Pubdate: Wed, 21 Jan 2004
Source: Esquimalt News (CN BC)
Copyright: 2004 Esquimalt News
Author: Rick Stiebel
Bookmark: (Methamphetamine)


"Jib, gak, jab, shard, tweak, Tina, Chrissy, ice, crank, kiddy-crack"
or "speed."

Whatever name it's going by this week, crystal methamphetamine use is
growing at an alarming rate across the region. Victoria police Sgt.
John Bond, who heads the city's strike force unit, says crystal meth
has become far more prevalent in the last year.

"We're seeing more and more in Victoria and Esquimalt," says Bond, who
notes one of the mandates of the strike force is taking responsibility
for drug-related files. He says crystal meth is showing up more
frequently in undercover purchases and during the execution of search

He says many of the cases they've worked on involve teenagers and
people in their early 20s.

"The meth trade is closely associated with stolen property, commercial
and residential property crime," Bond says.

He says while most of the cases involve meth brought over from the
Mainland, some intelligence reports indicate there is a lab producing
crystal meth on the Island at an unknown location.

"The strike force is working closely with the West Shore RCMP and
other agencies," Bond says. "We're exchanging information and taking
part in collective surveillance to deal with the problem."

Bond recommends that anyone who is thinking of trying meth should go
to the Internet and research the effects.

"I can't stress enough how dangerous it is," Bond says.

It is highly addictive, with users increasing the dosage with regular
use in an effort to maintain or surpass the previous high.

The feelings of endless energy, wakefulness and tolerance to pain are
replaced by anxiety, depression and confusion when the drug wears off.

"We weren't hearing about it a year ago," says Cpl. Brian Kerr of the
West Shore RCMP street crime unit. "Now we're hearing about it on a
weekly, sometimes daily basis."

Kerr says crystal meth appeals to youths because it is relatively
cheap compared with cocaine, and the high lasts longer, in some cases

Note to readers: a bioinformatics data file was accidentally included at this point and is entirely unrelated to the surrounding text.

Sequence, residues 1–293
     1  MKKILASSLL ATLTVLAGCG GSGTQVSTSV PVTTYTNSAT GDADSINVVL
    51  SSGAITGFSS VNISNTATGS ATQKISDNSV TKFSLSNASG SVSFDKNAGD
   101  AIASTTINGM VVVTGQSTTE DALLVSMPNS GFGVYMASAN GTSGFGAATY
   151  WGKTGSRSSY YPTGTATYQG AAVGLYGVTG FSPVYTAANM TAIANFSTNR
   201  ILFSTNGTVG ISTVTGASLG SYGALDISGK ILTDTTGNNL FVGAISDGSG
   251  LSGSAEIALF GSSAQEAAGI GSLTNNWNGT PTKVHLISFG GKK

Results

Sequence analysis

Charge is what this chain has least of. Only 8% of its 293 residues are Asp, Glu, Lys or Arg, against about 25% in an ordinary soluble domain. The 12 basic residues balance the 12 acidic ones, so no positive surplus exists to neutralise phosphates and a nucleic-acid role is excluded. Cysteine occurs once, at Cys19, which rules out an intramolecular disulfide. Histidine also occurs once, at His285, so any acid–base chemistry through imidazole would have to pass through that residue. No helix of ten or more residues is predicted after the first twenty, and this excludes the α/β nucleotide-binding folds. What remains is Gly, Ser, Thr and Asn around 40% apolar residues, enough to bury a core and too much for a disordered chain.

up to 12 hours or longer. "We're seeing $10 packets for sale," Kerr

Crystal meth is usually snorted, smoked in a pipe or injected because
of the rush those methods produce, but it is also taken orally.

According to the U.S. National Institute of Drug Abuse,
methamphetamines release high levels of the neurotransmitter dopamine,
which stimulates brain cells, enhancing mood and body movement.

It also appears to have a neurotoxic effect, damaging brain cells that
contain dopamine and serotonin, which is another neurotransmitter.

Continued use appears to cause reduced levels of dopamine, which can
cause symptoms similar to Parkinson's disease, severe movement
disorder, memory loss and loss of motor skills.

Kerr predicts more addict-related crime such as break and enters and
thefts from vehicles by users trying to feed their habits.

"I'm concerned not only as a police officer, but as a parent," Kerr
says. "I have kids in the school system."

Kerr says he fielded three or four calls in November alone from
parents concerned about their kids' erratic behaviour.

West Shore RCMP Const. Larry Jacobs, who recently returned from a drug
awareness course, was in on several crystal meth lab investigations
when he was working in the Lower Mainland.

"The labs don't have to be sophisticated," he says. "They're really
easy to set up, and the chemicals used are all easily

Jacobs says people who have labs don't care how they dispose of the

A list of chemicals that can be used to produce crystal meth reads
like a Who's Who of hazardous materials: alcohol, paint thinner,
freon, camp stove fuel, iodine, acetone, fire starter, anti-freeze,
sulphuric acid, lye, drain cleaner and phosphorous from match heads.

According to data compiled by the RCMP, the production of one pound of
crystal meth creates five to six pounds of toxic waste.

"I saw a lab on the Mainland where they just dumped the chemicals in
the yard," Jacobs says. "They soaked through the soil and contaminated
a stream." The labs pose considerable risk for police once they've
been busted.

"Taking down a lab is very risky," he says.

Jacobs says, in addition to the environmental risks, the labs pose
significant danger because they have a propensity to catch fire or
blow up, especially if those working in them are careless or under the
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MAP posted-by: Larry Seguin